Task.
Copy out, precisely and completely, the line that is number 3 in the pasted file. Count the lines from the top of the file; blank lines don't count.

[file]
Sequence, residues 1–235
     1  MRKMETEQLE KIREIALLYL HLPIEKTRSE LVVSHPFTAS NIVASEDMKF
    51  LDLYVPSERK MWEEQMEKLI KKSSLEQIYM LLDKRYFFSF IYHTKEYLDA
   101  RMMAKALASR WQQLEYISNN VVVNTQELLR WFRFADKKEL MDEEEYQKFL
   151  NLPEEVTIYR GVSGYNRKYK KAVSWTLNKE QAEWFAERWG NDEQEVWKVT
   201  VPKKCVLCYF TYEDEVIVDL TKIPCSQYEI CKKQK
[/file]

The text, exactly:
    51  LDLYVPSERK MWEEQMEKLI KKSSLEQIYM LLDKRYFFSF IYHTKEYLDA